2009. www.inclusivesecurity.org/training-resources/
UN Women. Virtual Knowledge Centre to End Violence against Women and Girls Security.
Last modified June 27, 2015. www.endvawnow.org/en/modules/view/13-security.html

2017 Inclusive Security and DCAF MODULE SIX | What Roles Does Civil Society Play in SSR? | 1
Time Description
5 minutes 6.1 Introduction to the Module
6.1.1 Facilitator Talking Points

90 minutes 6.2 What are the Roles of Civil Society Organizations in SSR?
6.2.1 Facilitator Talking Points: Roles of Civil Society Organizations in SSR
6.2.2 Activity: Mapping Existing Activities with the Security Sector

55 minutes 6.3 Real Life Examples of CSO Engagement in SSR


6.3.1 Activity: Case Study

5 minutes 6.4 Wrap Up


6.4.1 Facilitator Talking Points: Points to Take Away

Adapting the Module


Assessment Questions

Total Time: 2 hours 35 minutes

2 | A Womens Guide to Security Sector Reform 2017 Inclusive Security and DCAF
6.1 Introduction to the Module

6.1.1 Facilitator Talking Points

Background for Facilitator


This section introduces the purpose and learning objectives of the module. Materials Needed
None

Facilitator Talking Points Learning Objectives


Participants are able to iden-
In Module 5, we explored security sector reform, or SSR, identifying tify the purpose and learning
its objectives and essential characteristics. We considered SSR in objectives of this module.
practicewhat it might entailand some of the challenges to its
Time 5 minutes
success. In this module, we examine the roles of civil society actors
in security sector reform. After this module, you will be able to:
Identify ways in which civil society organizations can contribute to SSR.
Explain what a civil society organization is.
Explain what civil society oversight of the security sector is.

2017 Inclusive Security and DCAF MODULE SIX | What Roles Does Civil Society Play in SSR? | 3
6.2 What are the Roles of Civil Society Organizations in SSR?

6.2.1 Facilitator Talking Points: Roles of Civil Society Organizations in SSR

Background for Facilitator


This section introduces the term civil society and asks participants to Materials Needed
consider why civil society has an important role in overseeing the security Flipchart; markers; sticky notes;
sector and in SSR. presentation slides; Perspec-
tives on Security handout
The first part of this section includes talking points and a short
brainstorm to help participants define civil society. If participants Learning Objectives
are already familiar with this term, skip ahead and begin with let me Participants are able to define
civil society and civil society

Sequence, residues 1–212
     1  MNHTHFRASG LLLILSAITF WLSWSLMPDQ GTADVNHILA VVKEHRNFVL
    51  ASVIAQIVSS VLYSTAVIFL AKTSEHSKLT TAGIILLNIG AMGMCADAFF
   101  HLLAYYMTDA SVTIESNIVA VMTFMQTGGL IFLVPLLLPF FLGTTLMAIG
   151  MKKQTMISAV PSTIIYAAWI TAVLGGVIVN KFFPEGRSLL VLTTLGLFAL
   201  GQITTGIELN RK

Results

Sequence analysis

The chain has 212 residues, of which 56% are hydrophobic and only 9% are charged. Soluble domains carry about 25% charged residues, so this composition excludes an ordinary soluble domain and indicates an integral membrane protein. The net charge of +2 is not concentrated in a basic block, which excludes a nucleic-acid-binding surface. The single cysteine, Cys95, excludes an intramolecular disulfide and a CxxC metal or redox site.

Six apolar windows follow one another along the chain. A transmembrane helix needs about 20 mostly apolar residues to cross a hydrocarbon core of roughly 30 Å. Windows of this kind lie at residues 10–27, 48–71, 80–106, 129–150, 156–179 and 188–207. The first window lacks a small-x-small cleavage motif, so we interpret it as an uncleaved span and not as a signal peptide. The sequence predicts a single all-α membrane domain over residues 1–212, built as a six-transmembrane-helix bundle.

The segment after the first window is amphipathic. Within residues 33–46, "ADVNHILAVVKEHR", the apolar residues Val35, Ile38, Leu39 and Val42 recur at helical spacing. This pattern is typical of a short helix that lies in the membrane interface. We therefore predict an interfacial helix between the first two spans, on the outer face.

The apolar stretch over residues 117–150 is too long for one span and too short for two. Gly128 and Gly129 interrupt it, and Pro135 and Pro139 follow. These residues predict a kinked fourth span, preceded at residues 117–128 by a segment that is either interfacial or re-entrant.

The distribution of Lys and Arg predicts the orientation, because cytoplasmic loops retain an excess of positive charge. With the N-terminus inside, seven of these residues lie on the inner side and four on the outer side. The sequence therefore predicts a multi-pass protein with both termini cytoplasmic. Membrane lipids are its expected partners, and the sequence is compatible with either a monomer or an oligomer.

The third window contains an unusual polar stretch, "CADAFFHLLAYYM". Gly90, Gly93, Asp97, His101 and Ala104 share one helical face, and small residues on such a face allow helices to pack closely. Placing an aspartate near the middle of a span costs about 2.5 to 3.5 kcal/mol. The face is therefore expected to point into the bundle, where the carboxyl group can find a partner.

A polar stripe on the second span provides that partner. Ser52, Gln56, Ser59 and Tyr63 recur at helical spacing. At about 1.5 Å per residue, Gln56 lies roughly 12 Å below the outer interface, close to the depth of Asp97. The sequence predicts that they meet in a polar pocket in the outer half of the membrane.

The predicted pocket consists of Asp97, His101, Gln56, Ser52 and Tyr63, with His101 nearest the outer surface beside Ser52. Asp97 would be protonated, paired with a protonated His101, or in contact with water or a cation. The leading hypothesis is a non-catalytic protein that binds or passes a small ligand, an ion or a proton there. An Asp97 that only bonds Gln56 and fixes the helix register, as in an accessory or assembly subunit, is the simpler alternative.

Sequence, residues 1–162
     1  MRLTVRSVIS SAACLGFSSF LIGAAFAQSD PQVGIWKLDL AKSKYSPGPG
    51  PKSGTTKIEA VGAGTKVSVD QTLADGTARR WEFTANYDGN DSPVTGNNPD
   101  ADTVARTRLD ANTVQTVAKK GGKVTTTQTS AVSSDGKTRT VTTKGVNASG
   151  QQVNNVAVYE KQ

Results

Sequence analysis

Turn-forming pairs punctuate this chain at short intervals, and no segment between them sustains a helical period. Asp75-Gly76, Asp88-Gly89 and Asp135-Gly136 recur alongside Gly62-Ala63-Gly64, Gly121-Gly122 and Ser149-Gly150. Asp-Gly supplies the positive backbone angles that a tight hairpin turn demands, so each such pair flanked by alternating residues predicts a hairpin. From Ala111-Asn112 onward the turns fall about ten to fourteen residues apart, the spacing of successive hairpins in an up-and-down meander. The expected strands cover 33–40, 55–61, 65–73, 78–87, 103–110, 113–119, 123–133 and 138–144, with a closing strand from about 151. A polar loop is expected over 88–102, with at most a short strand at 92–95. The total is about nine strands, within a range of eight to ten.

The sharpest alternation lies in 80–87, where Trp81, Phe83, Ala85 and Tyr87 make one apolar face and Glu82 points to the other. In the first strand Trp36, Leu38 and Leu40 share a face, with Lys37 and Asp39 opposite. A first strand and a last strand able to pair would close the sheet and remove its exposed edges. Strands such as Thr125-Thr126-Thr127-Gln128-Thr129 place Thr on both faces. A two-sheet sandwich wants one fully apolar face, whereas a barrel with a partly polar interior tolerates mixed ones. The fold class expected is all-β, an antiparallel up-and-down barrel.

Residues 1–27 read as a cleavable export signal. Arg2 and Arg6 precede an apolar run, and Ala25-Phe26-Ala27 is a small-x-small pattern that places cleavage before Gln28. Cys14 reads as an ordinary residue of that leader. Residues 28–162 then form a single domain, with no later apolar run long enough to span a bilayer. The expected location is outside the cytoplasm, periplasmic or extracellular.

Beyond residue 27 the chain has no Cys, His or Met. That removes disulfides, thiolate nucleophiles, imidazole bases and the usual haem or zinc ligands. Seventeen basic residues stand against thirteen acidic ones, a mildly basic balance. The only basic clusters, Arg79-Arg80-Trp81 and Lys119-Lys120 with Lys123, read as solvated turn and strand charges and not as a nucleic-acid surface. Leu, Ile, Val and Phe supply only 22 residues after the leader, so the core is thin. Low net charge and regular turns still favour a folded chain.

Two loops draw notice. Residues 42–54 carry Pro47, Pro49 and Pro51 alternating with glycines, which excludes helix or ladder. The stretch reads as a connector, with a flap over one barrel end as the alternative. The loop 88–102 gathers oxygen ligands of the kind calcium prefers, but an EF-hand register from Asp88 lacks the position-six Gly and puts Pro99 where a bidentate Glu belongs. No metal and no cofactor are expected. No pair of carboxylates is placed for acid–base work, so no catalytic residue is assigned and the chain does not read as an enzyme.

tell you a story.
oversight and name a few ways
civil society can participate in
Facilitator Talking Points SSR.

Distribute sticky notes. Time 55 minutes


What do we mean when we say civil society and civil society
organizations (CSOs)? What is a CSO? What is not?
Reflect on this individually for few minutes and come up with two or three basic elements of
what you think defines a civil society organization.
Ask participants to share what they have come up with, recording their answers on the flipchart.
The term civil society encompasses those individuals whose
activities take place outside the states direct control.
Civil society organization is a comprehensive term for all kinds of Civil Society
organizations and associations that are not part of the government Individuals whose activities take
but that represent nonprofit interest groups, professions, and differ- place outside of the states direct
ent communities within society. These can include NGOs, community- control. This term includes all
kinds of organizations that are
based organizations, religious groups, womens organizations, youth
not part of the government, but
and student groups, trade organizations, professional associations, that represent nonprofit interest
cultural societies, and academia. It can also include the media. groups, professions, and different
If time allows, facilitate a discussion around the elements of this communities within society
(including NGOs, community-
definition. For example, ask participants whether outside the states
based organizations, religious
direct control is always clearly defined. Once the group is clear on the groups, womens organizations,
definition, move on to the next talking point. youth and student groups, trade
Let me tell you a short story. Read aloud from the Perspectives on organizations, professional
associations, cultural societies,
Security handout (and if you wish, distribute it), showing some photos
academia, and the media).
from Haiti as you tell the story.
What does this story tell us?

4 | A Womens Guide to Security Sector Reform 2017 Inclusive Security and DCAF
There are often multiple perspectives on the same problem;
Civil society oversight of the
in this case, there are two different interpretations of the same
security sector, including SSR,
security threat and the team is presented with two vastly involves the active participation
different solutions. Who is right? Why? of CSOs in defining policies and
Its likely that both sides are right, and likely neither is right overseeing the structures and
practices of security sector actors.
on their own.
Its important to remember that security is very complex, and CSOs oversee the security sector